Monday, November 22, 2010

Audio Forensics: Voice Risk Analysis Fails Practical Trial

Voice Risk Analysis (VRA) has always been viewed skeptically by many in the speech field. This technique takes Voice Stress Analysis - i.e. analyzing speech for microtremors and possibly other indicators of nervousness, anxiety, and general stress - and applies it to a real world problem. As far as the science of strict voice stress analysis goes, it is believable to me based on my own observations. I have seen that many people can exhibit audible stress in their voices when under emotional or physical stress.  As an experiment, try listening to someone on the phone when they are climbing a set of stairs rapidly and you should notice a difference!

Voice Risk Analysis takes this concept and extends it to the automated detection of deception (lying) over telephone calls.  Is this completely unbelievable on the face of it? Not completely - you may have occasionally encountered people who sound nervous when trying to lie.  However, pricey products have been sold based on extrapolating this a step further to claim that simply by analyzing telephone speech to a finer level of detail (e.g. looking for microtremors) one can detect stress and even lying in the general population.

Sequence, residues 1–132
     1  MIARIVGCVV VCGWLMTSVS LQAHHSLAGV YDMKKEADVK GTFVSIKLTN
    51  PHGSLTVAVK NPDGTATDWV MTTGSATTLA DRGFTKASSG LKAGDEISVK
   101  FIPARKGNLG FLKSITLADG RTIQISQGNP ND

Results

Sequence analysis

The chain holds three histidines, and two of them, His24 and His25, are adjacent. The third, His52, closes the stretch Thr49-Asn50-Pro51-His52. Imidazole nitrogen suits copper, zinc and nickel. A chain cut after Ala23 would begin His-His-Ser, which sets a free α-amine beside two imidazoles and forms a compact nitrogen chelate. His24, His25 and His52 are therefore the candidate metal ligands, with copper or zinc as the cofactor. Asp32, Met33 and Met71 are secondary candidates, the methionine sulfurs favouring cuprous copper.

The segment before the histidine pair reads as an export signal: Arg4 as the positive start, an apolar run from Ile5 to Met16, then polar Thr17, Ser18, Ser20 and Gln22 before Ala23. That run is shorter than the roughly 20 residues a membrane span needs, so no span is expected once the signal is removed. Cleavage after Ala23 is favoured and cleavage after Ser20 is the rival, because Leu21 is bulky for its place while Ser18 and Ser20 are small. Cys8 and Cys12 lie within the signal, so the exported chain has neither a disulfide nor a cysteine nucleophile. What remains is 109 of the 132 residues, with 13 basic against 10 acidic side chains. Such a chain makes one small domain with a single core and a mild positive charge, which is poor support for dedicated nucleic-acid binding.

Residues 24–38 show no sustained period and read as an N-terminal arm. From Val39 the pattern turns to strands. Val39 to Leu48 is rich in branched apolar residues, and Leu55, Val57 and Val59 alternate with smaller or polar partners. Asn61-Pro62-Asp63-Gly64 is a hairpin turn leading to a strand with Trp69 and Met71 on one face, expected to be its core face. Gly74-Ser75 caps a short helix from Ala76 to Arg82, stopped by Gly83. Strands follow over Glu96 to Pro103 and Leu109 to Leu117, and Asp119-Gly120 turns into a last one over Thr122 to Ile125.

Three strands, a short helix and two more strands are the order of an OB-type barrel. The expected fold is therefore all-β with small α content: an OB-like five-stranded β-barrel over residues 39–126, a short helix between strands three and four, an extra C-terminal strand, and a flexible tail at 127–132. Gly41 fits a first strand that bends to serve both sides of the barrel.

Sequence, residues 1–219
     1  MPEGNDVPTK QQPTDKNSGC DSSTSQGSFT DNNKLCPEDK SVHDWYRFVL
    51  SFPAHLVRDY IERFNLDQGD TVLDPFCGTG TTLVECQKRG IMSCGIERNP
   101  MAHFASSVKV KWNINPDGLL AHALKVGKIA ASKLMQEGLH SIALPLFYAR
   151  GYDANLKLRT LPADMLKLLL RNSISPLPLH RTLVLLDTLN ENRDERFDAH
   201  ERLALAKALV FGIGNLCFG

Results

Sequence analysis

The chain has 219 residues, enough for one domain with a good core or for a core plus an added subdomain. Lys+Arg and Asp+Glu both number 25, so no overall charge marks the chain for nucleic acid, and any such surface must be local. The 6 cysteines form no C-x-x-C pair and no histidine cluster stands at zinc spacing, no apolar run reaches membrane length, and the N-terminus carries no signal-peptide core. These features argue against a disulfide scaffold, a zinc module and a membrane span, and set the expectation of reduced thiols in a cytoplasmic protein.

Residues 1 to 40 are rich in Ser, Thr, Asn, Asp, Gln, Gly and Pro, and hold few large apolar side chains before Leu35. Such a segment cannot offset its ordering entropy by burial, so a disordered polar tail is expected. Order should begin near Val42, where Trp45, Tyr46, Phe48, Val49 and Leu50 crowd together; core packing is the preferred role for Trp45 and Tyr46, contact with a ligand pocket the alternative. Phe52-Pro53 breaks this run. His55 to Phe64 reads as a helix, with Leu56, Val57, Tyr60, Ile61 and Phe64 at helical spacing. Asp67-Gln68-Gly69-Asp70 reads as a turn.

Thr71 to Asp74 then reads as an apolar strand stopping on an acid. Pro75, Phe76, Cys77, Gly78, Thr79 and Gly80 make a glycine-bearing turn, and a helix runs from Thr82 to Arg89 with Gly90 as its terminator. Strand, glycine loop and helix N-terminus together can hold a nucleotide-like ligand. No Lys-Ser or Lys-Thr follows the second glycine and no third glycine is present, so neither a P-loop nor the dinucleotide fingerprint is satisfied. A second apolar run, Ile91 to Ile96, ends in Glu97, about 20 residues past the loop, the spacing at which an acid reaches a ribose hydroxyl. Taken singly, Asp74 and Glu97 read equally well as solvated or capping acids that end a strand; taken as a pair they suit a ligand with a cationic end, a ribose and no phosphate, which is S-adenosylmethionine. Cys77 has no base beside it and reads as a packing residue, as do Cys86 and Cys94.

The Guardian (a center-left news organization in the UK) has a news article on the results of practical trials conducted by the British government using a commercial VRA system to attempt to catch people lying in telephone interviews regarding government-funded benefits. After analyzing the results from 45,000 calls, the bottom line was that the system did not provide enough value to justify its cost.  Given the history of VRA and my own understanding of speech science, I am not surprised at all by the findings.  Hopefully, as a matter of public policy, this will put an end to government purchases of VRA technology until such a time as it is proven by peer-reviewed studies to work for the application(s) it is intended for.

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